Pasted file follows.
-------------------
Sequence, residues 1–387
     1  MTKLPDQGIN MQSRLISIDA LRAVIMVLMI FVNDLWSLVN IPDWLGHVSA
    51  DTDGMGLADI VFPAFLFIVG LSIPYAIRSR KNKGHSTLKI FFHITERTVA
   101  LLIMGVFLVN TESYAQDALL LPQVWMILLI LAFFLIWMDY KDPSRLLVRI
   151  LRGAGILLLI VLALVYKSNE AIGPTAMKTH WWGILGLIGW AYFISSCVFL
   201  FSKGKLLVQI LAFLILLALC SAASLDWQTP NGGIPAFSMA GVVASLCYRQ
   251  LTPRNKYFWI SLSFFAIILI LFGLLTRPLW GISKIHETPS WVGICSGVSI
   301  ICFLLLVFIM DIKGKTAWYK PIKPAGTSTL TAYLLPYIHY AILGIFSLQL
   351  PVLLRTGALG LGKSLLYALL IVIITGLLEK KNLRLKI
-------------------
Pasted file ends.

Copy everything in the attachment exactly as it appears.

Sequence, residues 1–387
     1  MTKLPDQGIN MQSRLISIDA LRAVIMVLMI FVNDLWSLVN IPDWLGHVSA
    51  DTDGMGLADI VFPAFLFIVG LSIPYAIRSR KNKGHSTLKI FFHITERTVA
   101  LLIMGVFLVN TESYAQDALL LPQVWMILLI LAFFLIWMDY KDPSRLLVRI
   151  LRGAGILLLI VLALVYKSNE AIGPTAMKTH WWGILGLIGW AYFISSCVFL
   201  FSKGKLLVQI LAFLILLALC SAASLDWQTP NGGIPAFSMA GVVASLCYRQ
   251  LTPRNKYFWI SLSFFAIILI LFGLLTRPLW GISKIHETPS WVGICSGVSI
   301  ICFLLLVFIM DIKGKTAWYK PIKPAGTSTL TAYLLPYIHY AILGIFSLQL
   351  PVLLRTGALG LGKSLLYALL IVIITGLLEK KNLRLKI